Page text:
Referring now to Figure 3, the voltage relationships after the starting of lamp 1 are set forth. It will be seen that ample voltage is provided in order to start lamp 2 and that this voltage is supplied without an unusually high voltage appearing across any one of the secondary coils. It will further be observed from Figure 3 that the presence of closely coupled winding 11 permits a relatively small voltage across secondary coil 12 during the subsequent starting of lamp 2.

Referring now to Figure 4, the voltage vectors of the different components of the circuit are shown when both lamps 1 and 2 are in operation. It will be apparent that both coils 12 and 13 have voltages across them which are maintained well within desirable limits during operation, as opposed to the very high voltages frequently encountered during operation in the loosely coupled secondary coils of previous circuits of this type. It will be observed that the inclusion of the additional tightly coupled coil 11 permits the previously described changes in voltage through the coils 12 and 13 to be effected without any unnecessary or undesirable reduction in impedance because the subtractive voltage is achieved through a tightly coupled coil which has little effect insofar as the reactance is concerned.

During operation, the current passes through lamp 1, capacitor 17, coil 13, and lamp 2; it will be observed that the lamps are operated in series, and that coil 13 provides the required impedance, with the capacitor providing the power factor correction made desirable by the presence of the impedance.

Referring now to Figure 2 of the drawmg, a second embodiment of this'invention will be described using like numerals for like parts. The principal difference between the Figures 1 and 2 is that the tightly coupled secondary coil 11 of Figure 1 has been omitted in the ballast transformer shown in Figure 2. As before, loosely coupled secondary coils 12 and 13 are so arranged that they are connected across lamp 1 with their voltages being additive for starting purposes. When it is desired to start lamp 1, the voltages of coils 1 2 and 13 will be additive across the lamp so that the undesirablesituation of an tr m ly hi h vo tag a ss a in l 91 s elim nat as before. Referring now to Figured, which shows the voltage situation after the lighting of the first lamp, it

will be observed that, as with the previous circuit, ample voltage is provided across lamp 2 in order to cause ignition thereof. Referring now to Figure 6, it will be observed that, once both lamps have been started, the voltages across coils 12 and 13 are maintained within satisfactory limits. The achievement of these relatively low voltages permits, of course, a more economical construction without forfeiting the advantages of this type of circuit.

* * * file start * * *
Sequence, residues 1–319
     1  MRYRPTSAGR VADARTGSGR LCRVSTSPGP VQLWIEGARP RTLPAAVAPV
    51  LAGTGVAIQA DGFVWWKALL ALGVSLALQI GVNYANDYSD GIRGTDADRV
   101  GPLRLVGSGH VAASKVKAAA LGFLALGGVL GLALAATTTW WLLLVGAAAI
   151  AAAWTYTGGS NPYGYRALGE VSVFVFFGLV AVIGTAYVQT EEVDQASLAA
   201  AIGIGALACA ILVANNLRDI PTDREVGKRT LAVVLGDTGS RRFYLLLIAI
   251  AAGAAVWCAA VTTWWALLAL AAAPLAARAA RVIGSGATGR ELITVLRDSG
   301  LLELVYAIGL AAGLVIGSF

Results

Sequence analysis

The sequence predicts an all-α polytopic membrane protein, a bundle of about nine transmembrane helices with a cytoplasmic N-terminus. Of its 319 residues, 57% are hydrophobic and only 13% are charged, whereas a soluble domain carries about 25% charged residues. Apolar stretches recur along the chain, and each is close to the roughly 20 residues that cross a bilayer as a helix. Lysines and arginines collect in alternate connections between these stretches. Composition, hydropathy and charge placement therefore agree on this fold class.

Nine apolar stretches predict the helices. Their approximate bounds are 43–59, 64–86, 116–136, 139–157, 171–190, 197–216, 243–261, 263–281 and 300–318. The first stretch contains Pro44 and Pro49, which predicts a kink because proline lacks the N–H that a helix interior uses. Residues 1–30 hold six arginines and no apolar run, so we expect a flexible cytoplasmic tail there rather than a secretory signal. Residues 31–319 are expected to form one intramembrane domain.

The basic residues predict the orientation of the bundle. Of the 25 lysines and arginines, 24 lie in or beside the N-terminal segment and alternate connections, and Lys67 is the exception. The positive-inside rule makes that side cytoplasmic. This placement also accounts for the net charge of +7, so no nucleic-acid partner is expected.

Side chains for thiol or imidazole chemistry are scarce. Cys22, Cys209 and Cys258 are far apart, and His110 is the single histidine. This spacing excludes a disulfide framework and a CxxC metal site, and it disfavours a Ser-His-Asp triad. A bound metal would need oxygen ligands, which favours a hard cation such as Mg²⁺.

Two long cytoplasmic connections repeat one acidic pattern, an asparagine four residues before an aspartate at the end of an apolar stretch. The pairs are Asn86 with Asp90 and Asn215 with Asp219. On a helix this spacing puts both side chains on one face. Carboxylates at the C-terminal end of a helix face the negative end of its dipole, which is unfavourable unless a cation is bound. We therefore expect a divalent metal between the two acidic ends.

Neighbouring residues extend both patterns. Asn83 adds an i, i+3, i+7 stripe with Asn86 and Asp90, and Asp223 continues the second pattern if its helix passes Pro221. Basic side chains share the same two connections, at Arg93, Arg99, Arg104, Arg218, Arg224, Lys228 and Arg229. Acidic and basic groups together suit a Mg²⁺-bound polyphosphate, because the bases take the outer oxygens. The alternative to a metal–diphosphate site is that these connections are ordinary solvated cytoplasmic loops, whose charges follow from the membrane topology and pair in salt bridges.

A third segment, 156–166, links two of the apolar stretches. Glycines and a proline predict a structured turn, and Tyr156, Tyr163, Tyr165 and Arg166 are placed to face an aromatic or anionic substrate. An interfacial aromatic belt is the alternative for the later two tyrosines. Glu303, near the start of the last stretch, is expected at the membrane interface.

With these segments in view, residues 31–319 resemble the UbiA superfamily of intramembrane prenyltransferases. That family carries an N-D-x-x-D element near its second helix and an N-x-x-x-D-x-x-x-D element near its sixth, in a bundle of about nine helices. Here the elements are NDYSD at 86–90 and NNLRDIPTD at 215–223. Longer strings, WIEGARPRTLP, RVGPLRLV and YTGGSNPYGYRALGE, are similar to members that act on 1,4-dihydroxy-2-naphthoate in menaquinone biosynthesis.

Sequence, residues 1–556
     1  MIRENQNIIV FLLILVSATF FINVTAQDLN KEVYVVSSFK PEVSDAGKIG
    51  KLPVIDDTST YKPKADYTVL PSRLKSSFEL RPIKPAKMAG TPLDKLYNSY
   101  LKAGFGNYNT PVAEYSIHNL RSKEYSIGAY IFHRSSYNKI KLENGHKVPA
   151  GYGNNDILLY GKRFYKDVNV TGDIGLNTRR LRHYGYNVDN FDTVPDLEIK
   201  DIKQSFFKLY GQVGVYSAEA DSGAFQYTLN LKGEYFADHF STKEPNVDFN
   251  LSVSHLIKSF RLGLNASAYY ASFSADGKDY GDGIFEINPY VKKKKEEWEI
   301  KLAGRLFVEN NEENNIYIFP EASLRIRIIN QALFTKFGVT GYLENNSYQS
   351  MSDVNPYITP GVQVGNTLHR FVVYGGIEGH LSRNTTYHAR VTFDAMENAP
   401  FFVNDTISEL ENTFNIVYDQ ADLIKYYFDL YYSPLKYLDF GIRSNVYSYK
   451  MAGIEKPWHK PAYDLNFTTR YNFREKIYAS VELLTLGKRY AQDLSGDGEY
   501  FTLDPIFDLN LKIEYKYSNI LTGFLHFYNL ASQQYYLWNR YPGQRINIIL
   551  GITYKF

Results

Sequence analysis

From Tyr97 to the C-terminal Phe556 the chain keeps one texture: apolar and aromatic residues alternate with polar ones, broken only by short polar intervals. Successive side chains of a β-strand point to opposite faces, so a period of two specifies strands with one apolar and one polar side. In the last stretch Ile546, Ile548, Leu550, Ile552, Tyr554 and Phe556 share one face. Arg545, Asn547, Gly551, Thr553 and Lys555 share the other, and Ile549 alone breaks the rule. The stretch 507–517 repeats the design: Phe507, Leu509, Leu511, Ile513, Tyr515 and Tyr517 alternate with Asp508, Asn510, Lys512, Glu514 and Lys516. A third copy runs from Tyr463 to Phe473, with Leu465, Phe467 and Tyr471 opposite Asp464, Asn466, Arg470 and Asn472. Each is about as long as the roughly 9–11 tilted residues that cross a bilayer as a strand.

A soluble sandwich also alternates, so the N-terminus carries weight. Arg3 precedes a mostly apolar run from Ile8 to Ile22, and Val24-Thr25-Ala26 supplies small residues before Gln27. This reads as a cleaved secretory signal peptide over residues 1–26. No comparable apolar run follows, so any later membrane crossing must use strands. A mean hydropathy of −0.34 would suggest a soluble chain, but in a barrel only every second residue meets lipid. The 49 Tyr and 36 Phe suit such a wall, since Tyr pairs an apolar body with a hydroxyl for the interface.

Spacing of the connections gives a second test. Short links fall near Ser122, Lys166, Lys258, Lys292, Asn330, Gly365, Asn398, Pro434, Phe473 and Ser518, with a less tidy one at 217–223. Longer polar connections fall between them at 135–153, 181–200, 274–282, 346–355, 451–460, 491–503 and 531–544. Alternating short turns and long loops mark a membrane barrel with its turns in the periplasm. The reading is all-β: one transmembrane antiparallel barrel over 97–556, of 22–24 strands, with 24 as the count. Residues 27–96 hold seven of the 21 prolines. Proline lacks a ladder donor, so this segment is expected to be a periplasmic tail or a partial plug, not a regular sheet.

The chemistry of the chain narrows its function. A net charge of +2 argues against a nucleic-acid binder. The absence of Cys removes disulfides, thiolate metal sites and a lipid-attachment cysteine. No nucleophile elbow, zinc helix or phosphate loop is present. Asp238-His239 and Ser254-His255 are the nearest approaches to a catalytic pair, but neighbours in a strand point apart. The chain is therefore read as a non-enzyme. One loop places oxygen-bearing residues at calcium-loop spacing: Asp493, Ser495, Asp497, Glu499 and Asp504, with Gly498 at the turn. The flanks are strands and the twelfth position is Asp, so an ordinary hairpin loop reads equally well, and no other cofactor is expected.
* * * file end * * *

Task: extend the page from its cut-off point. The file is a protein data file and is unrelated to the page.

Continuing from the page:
It will be seen from the foregoing description that the two baliast transformers set forth in the drawing each. provide a sequence starting and series operation of two electric discharge devices wherein, at all points of starting and during operation, the voltages across the secondary coils are maintained within satisfactory levels so that adequate voltage is present for the purpose to be fulfilled, and yet a highly economical structure is available because the voltage is maintained at a value no higher than that necessary. While specific embodiments of the invention have been set forth in the drawings and in the above description, it will of course be apparent that improvements and modifications may be made without departing from the scope of the invention as defined in the appended claims.

What I claim as new and desire to secure by Letters Patent of the United States is:

c l. A ballast transformer for a pair of electric discharge devices comprising a capacitor adapted to be connected in series with one of said devices, a core, a primary coil wound on said core and adapted to be connected to a source of alternating current, a pair of serially connected high leakage reactance secondary coils wound on said core and adapted to be connected across said one device, said secondary coils being so wound that their voltages are additive thereby to start said one device, one of said secondary coils being adapted to be connected in autotransformer relation with said primary coil across said other device atfer starting of said one device thereby to start said other device.